• 1.5 inch 261.8mm2
  • 14.3 megapixels
  • 28.00mm - 112.00mm (35mm eq.)
  • APS-C 366.6mm2
  • 20.1 megapixels
  • ISO 100 - 16,000

Buy From

Differences

Canon G1X advantages over Sony A58

  • Tilt-swivel screen
    Tilt-swivel vs tilt-only
    Tilt and swivel the screen for maximum shooting flexibility
  • Integrated ND filter
    Yes vs No
    Shoot in daylight with a large aperture or slow shutter
  • Higher-res screen
    307k vs 154k pixels
    More detail on the screen lets you judge focus and composition
  • Longer exposure
    60 vs 30 sec
    Long exposures for night shots
  • Bigger RAW buffer
    Unlimited vs 6 shots
    Larger buffer for RAW shots (burst mode)

Sony A58 advantages over Canon G1X

  • Focus peaking
    Peaker vs Non-peaker
    Your camera will highlight what's in focus
  • Larger sensor
    APS-C vs 1.5 inch
    More sensor area. Bigger is (generally) better.
  • In-camera panoramas
    Yes vs No
    Stitches multiple shots into a panoramic photo
  • Higher effective ISO
    753 vs 644 iso
    Take photos in low light with less noise
  • More dynamic range
    12.5 vs 10.8 evs
    Retain detail in highlight and shadows
  • Longer stills battery life
    More info 700 vs 250 shots
    Capture more photos
  • External Mic Jack
    Jack vs No jack
    Improved sound fidelity when shooting video
  • Less shutter lag
    0.13 vs 0.70 sec
    Focus and take a photo quickly (wide angle)
  • More pixels
    20.1 vs 14.3 megapixels
    Higher resolution photos
  • Bulb shutter
    Bulb vs No bulb
    Hold the shutter open manually for long exposures
  • Faster RAW shooting
    4.8 fps vs 1.1 fps
    Faster RAW shooting in burst mode

Similarities

Common Strengths

  • Rear display
    Both provide
    Review photos on the back of the camera
  • Eye-level viewfinder
    Both provide
    You'll be able to frame photos even when the sun is out
  • In-Camera Image Stabilization
    Both provide
    Reduces the effects of camera shake at slower shutter speeds
  • RAW file ability
    Both provide
    Gives you more flexibility to develop your photos later
  • Internal flash
    Both provide
    Useful in a pinch for fill flash
  • Manual focus
    Both provide
    AF is for the weak. Real photographers focus manually.
  • HDMI out
    Both provide
    Use HDMI output to monitor or review video
  • Hot shoe
    Both provide
    Off-camera flashes open new possibilities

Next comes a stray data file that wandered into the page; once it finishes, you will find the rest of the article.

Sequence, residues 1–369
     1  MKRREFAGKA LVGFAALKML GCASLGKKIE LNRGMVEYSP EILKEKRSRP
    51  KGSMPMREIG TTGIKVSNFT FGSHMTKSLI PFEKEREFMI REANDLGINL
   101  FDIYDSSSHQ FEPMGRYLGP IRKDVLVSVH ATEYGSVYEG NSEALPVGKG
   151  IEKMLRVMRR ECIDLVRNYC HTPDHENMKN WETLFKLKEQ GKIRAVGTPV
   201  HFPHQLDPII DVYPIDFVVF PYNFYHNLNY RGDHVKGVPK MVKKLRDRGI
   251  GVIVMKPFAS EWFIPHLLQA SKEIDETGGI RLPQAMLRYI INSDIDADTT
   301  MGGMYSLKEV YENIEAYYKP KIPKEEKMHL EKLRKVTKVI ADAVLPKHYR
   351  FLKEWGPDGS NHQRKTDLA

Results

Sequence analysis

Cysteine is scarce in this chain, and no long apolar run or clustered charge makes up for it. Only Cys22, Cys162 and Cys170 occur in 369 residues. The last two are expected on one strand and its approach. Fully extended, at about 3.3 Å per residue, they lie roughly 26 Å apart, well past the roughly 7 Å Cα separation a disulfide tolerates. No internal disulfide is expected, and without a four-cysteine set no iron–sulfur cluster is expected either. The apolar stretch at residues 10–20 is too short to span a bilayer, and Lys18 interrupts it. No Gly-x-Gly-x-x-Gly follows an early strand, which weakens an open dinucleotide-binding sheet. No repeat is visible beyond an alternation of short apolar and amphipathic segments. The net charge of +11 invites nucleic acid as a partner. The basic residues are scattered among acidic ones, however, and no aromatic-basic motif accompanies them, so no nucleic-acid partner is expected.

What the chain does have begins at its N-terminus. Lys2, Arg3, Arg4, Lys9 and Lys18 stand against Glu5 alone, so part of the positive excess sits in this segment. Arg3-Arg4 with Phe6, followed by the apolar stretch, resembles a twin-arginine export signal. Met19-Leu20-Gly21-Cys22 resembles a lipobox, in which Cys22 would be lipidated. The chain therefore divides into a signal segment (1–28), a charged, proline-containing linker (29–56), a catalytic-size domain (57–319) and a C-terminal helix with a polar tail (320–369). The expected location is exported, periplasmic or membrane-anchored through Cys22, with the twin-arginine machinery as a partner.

Common Weaknesses

  • Touchscreen
    Neither provide
    Interact with your camera just like your smartphone
  • Built-in Wi-Fi
    Neither provide
    Share your photos wirelessly
  • NFC
    Neither provide
    Simplifies pairing your camera with supported phones
  • Built-in Bluetooth
    Neither provide
    Always-on wireless connectivity
  • Built-in GPS
    Neither provide
    Geotag your photos
  • On-sensor phase detect
    Neither provide
    Usually improves live view and video AF performance
  • Top deck display
    Neither provide
    Check settings with a screen on top of the camera
  • Dual card slots
    Neither provide
    Gives you more storage flexibility
  • Headphone jack
    Neither provide
    Monitor audio recording while you shoot video
  • Slow-motion videos
    Neither provide
    Shoot slow-motion videos

User reviews

Buy From

Review Excerpt

  • Large-sensor image quality. Sharp lens with useful zoom range. Tilt/swivel LCD. Twin dials. Smaller than competing interchangeable-lens cameras with a similar lens. Lots of photographer-friendly features.

  • Not as small as you might hope. Mediocre burst shooting and autofocus speed. Far too easy to accidentally change exposure compensation. Viewfinder is of surprisingly little use. Battery life could be better.

  • Improved 20.1-megapixel resolution; Impressive image quality, especially for its price; Fast and decisive autofocus (in most conditions); Very good battery life; Good video quality (Full HD 1080p, though it doesn't support 60p frame rate).

  • Plastic lens mount; Slower burst mode speeds and shallower buffer than A57; LCD no longer fully articulating; Mediocre kit lens; Electronic instead of an optical viewfinder may be a turnoff for some.

The Competition

Compared to Sigma DP1 Merrill

Canon G1X
Sigma DP1 Merrill
  • $576
  • 1.5 inch
  • Tilt-swivel screen
  • Eye-level viewfinder
  • $849
  • APS-C
  • Larger sensor
  • Bigger pixels
Sony A58
Sigma DP1 Merrill
  • $598
  • APS-C
  • Focus peaking
  • Less expensive
  • $849
  • APS-C
  • Bigger pixels
  • Higher-res screen

Compared to Pentax K-5 IIs

Canon G1X
Pentax K-5 IIs
  • $576
  • 1.5 inch
  • Tilt-swivel screen
  • Integrated ND filter
  • $673
  • APS-C
  • Larger sensor
  • Fast startup
Sony A58
Pentax K-5 IIs
  • $598
  • APS-C
  • Focus peaking
  • In-camera panoramas
  • $673
  • APS-C
  • Lens selection
  • Less expensive

Compared to Canon T5i

Canon G1X
Canon T5i
  • $576
  • 1.5 inch
  • In-Camera Image Stabilization
  • Integrated ND filter
  • $539
  • APS-C
  • Larger sensor
  • Touchscreen
Sony A58
Canon T5i
  • $598
  • APS-C
  • Focus peaking
  • Larger sensor
  • $539
  • APS-C
  • Lens selection
  • Tilt-swivel screen

Compared to Sigma dp2 Quattro

Canon G1X
Sigma dp2 Quattro
  • $576
  • 1.5 inch
  • Tilt-swivel screen
  • Eye-level viewfinder
  • $899
  • APS-C
  • Larger sensor
  • Newer
Sony A58
Sigma dp2 Quattro
  • $598
  • APS-C
  • Focus peaking
  • Less expensive
  • $899
  • APS-C
  • Higher max flash sync
  • Higher-res screen

Compared to Canon G1X Mark III

Canon G1X
Canon G1X Mark III
  • $576
  • 1.5 inch
  • Bigger pixels
  • More telephoto lens reach
  • $1232
  • APS-C
  • Focus peaking
  • Larger sensor
Sony A58
Canon G1X Mark III
  • $598
  • APS-C
  • Less expensive
  • Larger sensor
  • $1232
  • APS-C
  • Tilt-swivel screen
  • Touchscreen
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